Whether Hurricane Katrina Impacted Trace Metal and Dioxin Depositional Histories in Marshes of St. Louis Bay, Mississippi

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Marine Science


Salt marsh sediments generally undergo steady accumulation over time and thus are widely used to reconstruct the depositional histories of various anthropogenic contaminants derived from atmospheric and fluvial sources. Major hurricanes can significantly affect coastal landscapes by eroding and re-distributing sediment. Thus, each major hurricane can leave distinct signals in coastal wetland sediments. On the other hand, early-diagenetic remobilization of Fe and Mn in organic rich marsh sediment is a common phenomenon. However, remobilization of Fe and Mn across the redox boundary can induce remobilization of other trace elements and thus can disturb their depositional histories. Four short (~ 1 m) sediment cores were collected from the fringing marshes of St. Louis Bay, Mississippi (located ~ 30 km east of Hurricane Katrina's track) during 2010–2011 to investigate possible impacts of Hurricane Katrina (2005), and early-diagenetic remobilization of Fe and Mn, on trace metal and dioxin depositional histories in these sediments. Results from 210Pb, 137Cs, stable Cs, particulate organic carbon (POC), sediment bulk density and grain size indicate significant impact of hurricane event layers on anthropogenic stable Cs, while deposition profiles of V, Ni and Cr are impacted by Fe and Mn remobilization to a limited extent.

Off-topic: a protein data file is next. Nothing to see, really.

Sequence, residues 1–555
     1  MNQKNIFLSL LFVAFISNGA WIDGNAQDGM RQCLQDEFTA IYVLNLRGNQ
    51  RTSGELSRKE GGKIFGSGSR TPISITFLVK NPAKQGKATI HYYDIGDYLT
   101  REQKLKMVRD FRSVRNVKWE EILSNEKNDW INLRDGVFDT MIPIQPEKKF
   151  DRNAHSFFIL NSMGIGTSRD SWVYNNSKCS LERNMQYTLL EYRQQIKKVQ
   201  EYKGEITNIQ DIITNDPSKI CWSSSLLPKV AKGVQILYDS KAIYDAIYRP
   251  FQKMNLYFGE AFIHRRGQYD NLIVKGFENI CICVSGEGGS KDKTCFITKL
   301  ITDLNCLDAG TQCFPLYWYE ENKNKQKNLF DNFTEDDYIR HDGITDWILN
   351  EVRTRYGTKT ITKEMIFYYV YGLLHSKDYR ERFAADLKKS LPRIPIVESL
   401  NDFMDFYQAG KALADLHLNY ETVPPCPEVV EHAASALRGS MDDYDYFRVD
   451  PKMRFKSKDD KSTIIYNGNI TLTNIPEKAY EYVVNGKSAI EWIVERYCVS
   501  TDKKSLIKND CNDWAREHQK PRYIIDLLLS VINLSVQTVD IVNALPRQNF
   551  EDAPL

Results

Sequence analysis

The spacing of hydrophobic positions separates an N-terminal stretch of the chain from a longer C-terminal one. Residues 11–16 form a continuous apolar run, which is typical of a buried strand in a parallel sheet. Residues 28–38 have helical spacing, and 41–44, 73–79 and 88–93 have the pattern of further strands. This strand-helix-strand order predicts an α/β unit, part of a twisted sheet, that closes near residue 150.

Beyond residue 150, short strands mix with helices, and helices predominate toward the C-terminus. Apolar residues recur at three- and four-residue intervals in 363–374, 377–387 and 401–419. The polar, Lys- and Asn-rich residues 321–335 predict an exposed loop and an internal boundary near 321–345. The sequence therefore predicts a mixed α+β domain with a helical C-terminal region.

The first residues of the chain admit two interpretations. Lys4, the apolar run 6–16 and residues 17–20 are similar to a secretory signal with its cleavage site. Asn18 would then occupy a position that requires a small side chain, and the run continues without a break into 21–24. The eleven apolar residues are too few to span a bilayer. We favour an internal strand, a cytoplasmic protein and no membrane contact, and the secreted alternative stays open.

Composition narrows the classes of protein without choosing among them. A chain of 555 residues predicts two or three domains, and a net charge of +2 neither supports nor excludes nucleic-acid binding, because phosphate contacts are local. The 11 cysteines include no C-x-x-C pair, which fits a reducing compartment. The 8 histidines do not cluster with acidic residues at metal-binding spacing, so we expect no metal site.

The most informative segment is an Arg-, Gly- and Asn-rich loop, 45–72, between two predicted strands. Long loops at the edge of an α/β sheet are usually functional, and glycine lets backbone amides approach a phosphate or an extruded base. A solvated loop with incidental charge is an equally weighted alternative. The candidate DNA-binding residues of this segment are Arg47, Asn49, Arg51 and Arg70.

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Science of the Total Environment



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